Measure Passes That Seeks To Limit Sex Education, Counseling In Schools

Wednesday, April 13th 2022, 5:59 pm


Child advocates said they’re concerned about a bill that passed Wednesday out of the State Powers Committee that could open up conversations between school counselors and students to their parents.

Senate Bill 615 seeks to make a wide range of educational materials dealing with sex and sexuality available to parents for review. 

The bill also said that parents must give permission before their child talks about sex or sexual identity with a school counselor. 

State representative John Waldron (D-Tulsa) read a strong message from a community member before the bill passed. 

“This is from Cathy Cott of Cherokee County: ‘I know very much what it is like to have a gay kid in Oklahoma’s schools. My son is trans,” Waldron said. “If this bill is passed, there will be kids dying all over the state, either by their own hand or at the hands of an angry parent or guardian who has been called a school employee outing their child too them.”

Advocates at Freedom Oklahoma echoed similar concerns for kids who don’t have a safe home to ask questions about their gender or sexual identity. 

“School counselors can really be lifesaving in their ability to have those conversations in a way that a student knows they have some privacy,” Freedom Oklahoma director Nicole McAfee said. “To switch that situation to one where those conversations could be reported out and monitored by their parents really means that, for some students, there would just no longer exists any safe person for them to have those discussions with.”

On April 1, the Centers for Disease Control published new data that showed one in four teenagers who identified as LGBTQ+ said they attempted suicide during the first half of 2021.

The CDC’s findings also revealed that almost half (46.8%) of teenagers who said they are lesbian, gay or bisexual seriously considered a suicide attempt during that same timeframe.

These results came to light due to the CDC’s first national survey of high school students.

This project was funded by the federal CARES Act to assess the mental health of American youth during the COVID-19 pandemic.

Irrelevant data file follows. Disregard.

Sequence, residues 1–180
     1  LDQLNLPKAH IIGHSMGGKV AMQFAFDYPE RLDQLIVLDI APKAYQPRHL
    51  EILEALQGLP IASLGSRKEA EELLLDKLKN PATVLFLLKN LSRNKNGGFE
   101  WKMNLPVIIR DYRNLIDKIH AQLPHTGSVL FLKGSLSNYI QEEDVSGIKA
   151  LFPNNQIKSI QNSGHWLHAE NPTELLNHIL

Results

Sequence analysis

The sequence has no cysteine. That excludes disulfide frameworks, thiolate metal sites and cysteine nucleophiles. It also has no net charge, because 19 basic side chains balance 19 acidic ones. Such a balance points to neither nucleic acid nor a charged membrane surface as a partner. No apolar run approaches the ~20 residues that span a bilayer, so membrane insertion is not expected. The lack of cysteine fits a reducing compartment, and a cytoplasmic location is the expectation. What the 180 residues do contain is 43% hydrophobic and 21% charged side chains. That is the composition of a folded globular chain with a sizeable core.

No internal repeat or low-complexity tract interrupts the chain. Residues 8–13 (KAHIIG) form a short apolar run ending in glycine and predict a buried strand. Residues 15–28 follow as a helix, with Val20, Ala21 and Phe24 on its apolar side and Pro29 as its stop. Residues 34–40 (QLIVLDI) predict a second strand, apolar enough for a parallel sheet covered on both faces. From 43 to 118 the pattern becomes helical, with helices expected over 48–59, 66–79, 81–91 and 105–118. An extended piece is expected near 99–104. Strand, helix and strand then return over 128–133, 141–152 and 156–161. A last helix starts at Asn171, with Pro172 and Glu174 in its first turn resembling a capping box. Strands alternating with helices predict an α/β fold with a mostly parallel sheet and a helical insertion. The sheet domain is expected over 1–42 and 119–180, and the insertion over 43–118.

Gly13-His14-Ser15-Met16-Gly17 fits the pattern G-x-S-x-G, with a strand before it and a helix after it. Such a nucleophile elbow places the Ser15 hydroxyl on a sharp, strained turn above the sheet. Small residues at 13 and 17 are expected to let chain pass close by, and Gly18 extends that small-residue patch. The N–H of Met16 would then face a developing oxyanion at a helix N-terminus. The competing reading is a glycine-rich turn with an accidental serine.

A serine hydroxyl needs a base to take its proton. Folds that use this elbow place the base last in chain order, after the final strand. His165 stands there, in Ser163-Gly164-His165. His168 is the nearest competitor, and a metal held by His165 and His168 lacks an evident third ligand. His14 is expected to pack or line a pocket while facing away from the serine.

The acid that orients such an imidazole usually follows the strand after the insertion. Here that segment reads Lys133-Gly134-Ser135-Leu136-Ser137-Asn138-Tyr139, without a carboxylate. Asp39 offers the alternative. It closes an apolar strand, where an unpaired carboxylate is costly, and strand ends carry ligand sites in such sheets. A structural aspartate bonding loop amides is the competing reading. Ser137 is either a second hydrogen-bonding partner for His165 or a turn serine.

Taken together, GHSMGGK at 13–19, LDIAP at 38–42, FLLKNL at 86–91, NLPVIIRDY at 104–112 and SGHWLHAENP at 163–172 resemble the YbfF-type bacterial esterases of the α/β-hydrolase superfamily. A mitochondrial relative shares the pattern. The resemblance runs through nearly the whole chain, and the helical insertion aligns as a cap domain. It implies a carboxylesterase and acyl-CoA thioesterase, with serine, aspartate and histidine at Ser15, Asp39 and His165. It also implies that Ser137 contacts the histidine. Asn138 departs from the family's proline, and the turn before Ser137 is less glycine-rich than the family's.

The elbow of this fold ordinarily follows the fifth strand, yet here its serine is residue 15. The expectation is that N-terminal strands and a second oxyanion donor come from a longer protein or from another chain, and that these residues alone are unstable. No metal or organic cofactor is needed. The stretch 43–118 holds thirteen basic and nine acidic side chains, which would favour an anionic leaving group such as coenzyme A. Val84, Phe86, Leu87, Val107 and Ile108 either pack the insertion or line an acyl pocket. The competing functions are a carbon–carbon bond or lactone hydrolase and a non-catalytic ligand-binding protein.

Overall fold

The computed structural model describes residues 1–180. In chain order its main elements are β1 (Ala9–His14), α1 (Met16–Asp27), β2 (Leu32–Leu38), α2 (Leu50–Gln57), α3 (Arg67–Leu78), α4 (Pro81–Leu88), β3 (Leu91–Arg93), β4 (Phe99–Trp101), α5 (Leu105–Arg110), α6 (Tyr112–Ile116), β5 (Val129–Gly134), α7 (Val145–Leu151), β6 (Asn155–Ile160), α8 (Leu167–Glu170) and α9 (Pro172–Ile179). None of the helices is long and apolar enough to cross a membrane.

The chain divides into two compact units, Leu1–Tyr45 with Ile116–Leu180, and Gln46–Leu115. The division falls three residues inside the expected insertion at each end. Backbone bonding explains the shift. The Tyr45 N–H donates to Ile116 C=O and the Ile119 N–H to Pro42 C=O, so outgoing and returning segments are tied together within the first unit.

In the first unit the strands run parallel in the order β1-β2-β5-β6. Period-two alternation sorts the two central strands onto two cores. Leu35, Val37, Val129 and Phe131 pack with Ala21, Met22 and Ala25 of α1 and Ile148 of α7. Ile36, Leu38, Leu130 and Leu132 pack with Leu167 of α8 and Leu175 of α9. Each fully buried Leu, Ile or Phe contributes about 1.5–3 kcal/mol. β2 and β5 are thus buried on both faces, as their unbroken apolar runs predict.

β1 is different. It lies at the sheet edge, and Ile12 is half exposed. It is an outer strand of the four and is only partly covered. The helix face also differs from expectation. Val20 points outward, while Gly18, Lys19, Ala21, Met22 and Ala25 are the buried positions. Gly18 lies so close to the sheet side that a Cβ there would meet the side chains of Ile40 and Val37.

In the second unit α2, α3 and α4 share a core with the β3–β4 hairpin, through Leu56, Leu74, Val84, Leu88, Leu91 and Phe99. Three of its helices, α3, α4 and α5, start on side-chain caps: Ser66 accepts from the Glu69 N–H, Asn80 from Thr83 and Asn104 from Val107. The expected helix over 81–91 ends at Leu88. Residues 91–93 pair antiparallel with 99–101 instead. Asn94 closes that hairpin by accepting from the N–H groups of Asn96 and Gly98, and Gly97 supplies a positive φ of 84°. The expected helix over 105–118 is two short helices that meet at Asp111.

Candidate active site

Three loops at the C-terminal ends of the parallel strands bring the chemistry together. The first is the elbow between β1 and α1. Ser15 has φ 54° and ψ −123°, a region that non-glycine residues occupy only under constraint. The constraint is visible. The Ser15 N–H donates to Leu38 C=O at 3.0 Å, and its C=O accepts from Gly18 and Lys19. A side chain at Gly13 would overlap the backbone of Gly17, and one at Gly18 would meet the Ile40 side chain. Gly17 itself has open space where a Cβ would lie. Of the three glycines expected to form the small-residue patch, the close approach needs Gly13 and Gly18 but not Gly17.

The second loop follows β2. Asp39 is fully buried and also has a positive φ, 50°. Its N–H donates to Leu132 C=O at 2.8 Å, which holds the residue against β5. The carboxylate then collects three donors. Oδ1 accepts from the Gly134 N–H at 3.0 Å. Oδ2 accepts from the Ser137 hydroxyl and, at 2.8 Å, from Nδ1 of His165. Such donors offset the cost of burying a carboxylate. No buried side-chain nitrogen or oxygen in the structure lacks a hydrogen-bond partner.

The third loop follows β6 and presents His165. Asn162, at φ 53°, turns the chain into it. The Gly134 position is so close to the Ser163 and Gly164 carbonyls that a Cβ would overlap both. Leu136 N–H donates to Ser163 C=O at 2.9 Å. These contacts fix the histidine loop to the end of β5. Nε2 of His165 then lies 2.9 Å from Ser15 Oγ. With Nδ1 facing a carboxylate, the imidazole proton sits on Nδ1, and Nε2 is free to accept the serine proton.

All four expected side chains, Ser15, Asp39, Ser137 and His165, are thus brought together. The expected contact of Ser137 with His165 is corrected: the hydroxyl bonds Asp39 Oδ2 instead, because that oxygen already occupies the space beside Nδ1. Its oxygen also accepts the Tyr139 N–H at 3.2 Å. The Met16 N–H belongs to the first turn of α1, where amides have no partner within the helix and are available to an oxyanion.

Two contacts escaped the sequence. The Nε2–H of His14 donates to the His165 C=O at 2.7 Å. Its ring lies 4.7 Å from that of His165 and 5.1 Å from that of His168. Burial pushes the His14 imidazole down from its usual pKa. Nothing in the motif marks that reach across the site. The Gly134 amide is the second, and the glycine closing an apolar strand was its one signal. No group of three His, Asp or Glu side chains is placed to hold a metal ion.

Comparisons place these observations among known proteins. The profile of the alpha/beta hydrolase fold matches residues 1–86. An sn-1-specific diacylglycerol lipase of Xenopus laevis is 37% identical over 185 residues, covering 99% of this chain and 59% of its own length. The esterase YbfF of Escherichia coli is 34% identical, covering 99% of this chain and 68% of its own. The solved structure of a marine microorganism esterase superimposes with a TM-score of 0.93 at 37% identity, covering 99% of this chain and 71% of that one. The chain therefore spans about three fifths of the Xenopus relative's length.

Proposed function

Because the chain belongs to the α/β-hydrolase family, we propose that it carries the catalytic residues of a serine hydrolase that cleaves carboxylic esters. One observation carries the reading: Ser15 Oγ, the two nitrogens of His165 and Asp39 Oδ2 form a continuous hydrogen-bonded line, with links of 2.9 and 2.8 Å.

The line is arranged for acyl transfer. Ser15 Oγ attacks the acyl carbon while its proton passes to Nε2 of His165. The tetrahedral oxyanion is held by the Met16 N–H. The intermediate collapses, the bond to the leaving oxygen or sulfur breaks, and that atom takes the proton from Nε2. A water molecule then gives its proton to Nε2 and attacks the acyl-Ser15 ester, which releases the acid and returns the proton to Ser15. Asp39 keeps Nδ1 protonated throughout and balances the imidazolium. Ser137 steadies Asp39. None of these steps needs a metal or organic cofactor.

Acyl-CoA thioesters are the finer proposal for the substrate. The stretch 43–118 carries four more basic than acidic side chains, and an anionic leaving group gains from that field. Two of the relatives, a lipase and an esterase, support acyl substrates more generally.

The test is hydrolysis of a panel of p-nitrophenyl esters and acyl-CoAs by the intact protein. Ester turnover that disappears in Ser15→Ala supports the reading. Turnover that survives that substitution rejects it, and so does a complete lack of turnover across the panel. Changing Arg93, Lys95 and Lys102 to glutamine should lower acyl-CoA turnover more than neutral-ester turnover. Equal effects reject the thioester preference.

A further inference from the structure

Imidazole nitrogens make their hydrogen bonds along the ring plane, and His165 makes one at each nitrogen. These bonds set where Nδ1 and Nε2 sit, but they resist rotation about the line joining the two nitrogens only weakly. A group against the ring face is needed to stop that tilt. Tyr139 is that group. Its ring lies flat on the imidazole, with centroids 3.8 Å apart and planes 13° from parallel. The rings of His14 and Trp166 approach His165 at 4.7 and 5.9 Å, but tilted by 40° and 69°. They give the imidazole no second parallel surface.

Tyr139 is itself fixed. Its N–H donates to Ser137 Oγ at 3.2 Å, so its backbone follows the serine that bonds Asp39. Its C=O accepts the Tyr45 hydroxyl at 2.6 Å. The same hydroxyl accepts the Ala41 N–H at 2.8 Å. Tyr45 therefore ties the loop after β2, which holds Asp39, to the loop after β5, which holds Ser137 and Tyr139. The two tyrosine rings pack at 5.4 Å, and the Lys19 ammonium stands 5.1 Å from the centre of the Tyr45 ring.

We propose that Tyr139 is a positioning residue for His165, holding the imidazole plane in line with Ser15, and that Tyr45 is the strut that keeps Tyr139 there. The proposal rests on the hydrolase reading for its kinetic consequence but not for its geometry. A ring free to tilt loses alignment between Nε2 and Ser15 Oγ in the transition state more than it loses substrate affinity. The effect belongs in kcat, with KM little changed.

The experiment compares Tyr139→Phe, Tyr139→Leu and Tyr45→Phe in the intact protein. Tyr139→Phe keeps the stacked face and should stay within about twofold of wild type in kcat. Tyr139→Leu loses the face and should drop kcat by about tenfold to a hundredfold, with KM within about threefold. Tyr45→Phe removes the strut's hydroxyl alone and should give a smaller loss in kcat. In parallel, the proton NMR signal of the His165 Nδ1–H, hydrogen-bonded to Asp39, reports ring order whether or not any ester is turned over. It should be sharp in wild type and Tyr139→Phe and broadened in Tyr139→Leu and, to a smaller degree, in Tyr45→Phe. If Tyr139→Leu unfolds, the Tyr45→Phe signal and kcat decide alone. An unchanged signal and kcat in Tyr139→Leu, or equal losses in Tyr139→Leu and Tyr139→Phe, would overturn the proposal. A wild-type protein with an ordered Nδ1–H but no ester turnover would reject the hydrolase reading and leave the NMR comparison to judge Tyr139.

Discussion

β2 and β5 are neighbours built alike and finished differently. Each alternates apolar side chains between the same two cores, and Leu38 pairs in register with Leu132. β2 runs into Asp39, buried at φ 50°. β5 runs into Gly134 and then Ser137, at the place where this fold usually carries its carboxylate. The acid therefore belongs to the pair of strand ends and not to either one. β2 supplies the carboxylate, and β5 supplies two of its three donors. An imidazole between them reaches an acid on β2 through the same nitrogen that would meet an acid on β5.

“There’s really just this constant fear that people have been forced to live in,” McAfee said. 

Bill author and Seminole representative Danny Williams (R) said he wants family values protected in schools. 

“Yes, times have changed,” Williams said. “Maybe we need to look at different solutions and recognize the fact that sex in school education doesn’t work. It exacerbates the problem, and we need to look at different solutions for that.” 

The measure passed 4-to-1 and is expected to be heard next on the House floor. 

Waldron plans to work with other members of the committee to adopt amendments that would protect conversations with school counselors before it heads to the governor’s desk to be signed.

It is our policy to provide resources for anybody considering self-harm when reporting about a situation involving suicide or a suicide attempt. 

The National Suicide Prevention Lifeline is a hotline for individuals in crisis or for those looking to help someone else. To speak with a certified listener, call 1-800-273-8255.

The Veterans Crisis Line and Military Crisis Line at 1-800-273-8255 (Press 1) connect veterans and service members in crisis and their families and friends with qualified, caring U.S. Department of Veterans Affairs responders through a confidential toll-free hotline, online chat, or text.

Crisis Text Line is a texting service for emotional crisis support. To speak with a trained listener, text HELLO to 741741. It is free, available 24/7, and confidential.


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